Updated on February 8, 2024. Originally published March 8, 2023.
How is taxable income calculated in retirement?
One important change when you retire is how your taxable income will be calculated. This is because your money will come from different sources—government programs, your workplace plan, savings from registered or non-registered sources—each of which is taxed differently. We can put them in three categories:
- Fully taxable—This includes money you saved in tax-deferred plans, such as a defined contribution pension plan, a Registered Retirement Savings Plan (RRSP), or a Deferred Profit-Sharing Plan (DPSP). Once you convert these to income plans, you’ll pay tax on the money you take out. This category also includes government programs such as the Canada or Quebec Pension Plan (CPP/QPP) and Old Age Security (OAS).
- Partially taxable—This is the money you may have in non-registered investment accounts. The money these investments earn is taxable, including interest, dividends, and capital gains. Withdrawals aren't taxed.
- Non-taxable—This includes your tax-free savings account (TFSA), where you don’t pay taxes on either the investment you earn or the money you take out, and the Guaranteed Income Supplement (GIS).
Understanding the tax implications of these income sources and how they can work together will help you decide how to use each one and when.
What other factors could affect my taxes?
Besides income sources, consider your own situation and plans that may affect your retirement income and tax situation. Some examples:
- Your spouse—If you have a spouse, is your spouse retired or retiring at the same time as you? Team up on your tax plan. There are different income and tax strategies you can use to save both of you money, such as pension income splitting. It can also affect which income sources to draw from and when.
- Work after work—Are you planning to earn money in some capacity after you retire? This could add to your taxable income and may affect how you decide to use your retirement income sources.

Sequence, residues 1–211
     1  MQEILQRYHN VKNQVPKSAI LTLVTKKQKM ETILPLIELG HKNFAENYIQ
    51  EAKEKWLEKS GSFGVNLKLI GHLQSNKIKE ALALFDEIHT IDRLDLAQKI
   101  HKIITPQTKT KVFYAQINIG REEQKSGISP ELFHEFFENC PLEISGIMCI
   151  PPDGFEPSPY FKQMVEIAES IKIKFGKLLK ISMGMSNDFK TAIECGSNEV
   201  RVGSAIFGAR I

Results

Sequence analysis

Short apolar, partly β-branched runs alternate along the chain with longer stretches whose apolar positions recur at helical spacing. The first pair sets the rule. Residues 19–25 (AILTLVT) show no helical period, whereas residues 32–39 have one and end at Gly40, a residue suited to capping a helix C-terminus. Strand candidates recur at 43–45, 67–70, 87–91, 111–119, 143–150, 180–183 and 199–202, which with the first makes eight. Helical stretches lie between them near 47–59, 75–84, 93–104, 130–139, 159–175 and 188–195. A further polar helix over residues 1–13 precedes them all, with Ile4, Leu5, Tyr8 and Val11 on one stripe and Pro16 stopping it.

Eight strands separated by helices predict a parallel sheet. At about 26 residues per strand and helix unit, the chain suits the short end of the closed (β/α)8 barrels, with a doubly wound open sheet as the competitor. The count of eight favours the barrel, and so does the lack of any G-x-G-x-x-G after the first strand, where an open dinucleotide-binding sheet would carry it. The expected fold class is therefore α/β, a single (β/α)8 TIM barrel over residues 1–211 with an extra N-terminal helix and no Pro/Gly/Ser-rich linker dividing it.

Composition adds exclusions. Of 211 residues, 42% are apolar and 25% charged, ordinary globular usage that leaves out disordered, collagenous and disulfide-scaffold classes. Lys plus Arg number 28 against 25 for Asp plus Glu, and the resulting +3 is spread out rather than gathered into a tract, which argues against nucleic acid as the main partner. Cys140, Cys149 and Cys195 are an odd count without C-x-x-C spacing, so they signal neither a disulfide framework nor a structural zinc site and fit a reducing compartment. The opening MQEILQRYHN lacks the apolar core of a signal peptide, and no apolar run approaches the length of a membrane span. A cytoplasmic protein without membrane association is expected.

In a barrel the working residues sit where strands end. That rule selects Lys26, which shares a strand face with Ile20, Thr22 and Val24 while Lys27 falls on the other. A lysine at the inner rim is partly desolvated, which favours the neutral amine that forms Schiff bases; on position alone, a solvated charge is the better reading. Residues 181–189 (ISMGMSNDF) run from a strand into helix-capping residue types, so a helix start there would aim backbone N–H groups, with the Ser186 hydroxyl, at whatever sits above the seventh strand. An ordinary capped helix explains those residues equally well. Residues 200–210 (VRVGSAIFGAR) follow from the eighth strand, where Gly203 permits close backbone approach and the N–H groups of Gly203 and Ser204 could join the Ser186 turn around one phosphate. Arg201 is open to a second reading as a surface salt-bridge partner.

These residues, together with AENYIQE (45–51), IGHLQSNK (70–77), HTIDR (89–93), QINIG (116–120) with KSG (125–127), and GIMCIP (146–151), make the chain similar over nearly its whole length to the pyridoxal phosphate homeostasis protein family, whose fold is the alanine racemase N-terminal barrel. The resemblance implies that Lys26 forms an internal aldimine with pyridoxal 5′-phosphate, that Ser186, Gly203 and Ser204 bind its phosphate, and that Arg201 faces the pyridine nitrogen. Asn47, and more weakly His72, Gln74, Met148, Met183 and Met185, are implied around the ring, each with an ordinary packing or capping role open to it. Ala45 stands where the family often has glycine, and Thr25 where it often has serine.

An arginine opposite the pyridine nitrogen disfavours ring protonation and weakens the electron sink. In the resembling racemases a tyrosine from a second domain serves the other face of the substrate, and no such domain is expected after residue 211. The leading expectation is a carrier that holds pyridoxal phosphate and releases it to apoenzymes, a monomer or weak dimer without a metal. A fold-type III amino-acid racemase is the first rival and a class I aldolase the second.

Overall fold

- If you’re planning to live abroad—Know the tax implications of living outside of Canada and how it could affect the benefits you’re entitled to.
What should my retirement tax plan do?
Once you have a clear picture of your plans for retirement and the tax implications of your various income sources, you can decide how to use those sources in the most tax-efficient way. This means deciding where to take money from first, how much to take, and when.
While there’s no one-size-fits-all approach, you generally want your plan to use a combination of income from taxable, partially taxable, and non-taxable sources to achieve four key things:
- Keep you in a low tax bracket—Try to stay in the top part of the lowest tax bracket possible to keep your taxes low. You can do this by limiting how much income you use from taxable sources and then topping it up with money from non-taxable sources to make sure you have the cash you need.
- Keep your taxes even year to year—It’s easier to manage your finances if you don’t have to deal with surprises, such as a big tax bill. No matter how much money you take out in any year, your strategy should help keep your tax bill in the same general ballpark from one year to the next.
- Work for the long term—Whether you continue working part-time for a while or you have big plans and need to draw on more of your income at some point, your tax plan should adjust to every stage of your retired life.
- Avoid the clawback—This is also known as the OAS pension recovery tax. If your taxable income goes above a certain amount, you'll have to pay back part or all of your OAS benefit at tax time.
Start on your retirement tax plan
Your tax plan will be unique to your situation, but the goal should be to make your retirement savings last while funding the lifestyle you want at every stage of your retired life. Now that you know what you need to consider, a financial advisor or a tax professional can help you build the tax strategy that can help you achieve your retirement goals.
The commentary in this publication is for general information only and should not be considered legal, financial, or tax advice. Individuals should seek the advice of professionals to ensure that any action taken with respect to this information is appropriate to their specific situation.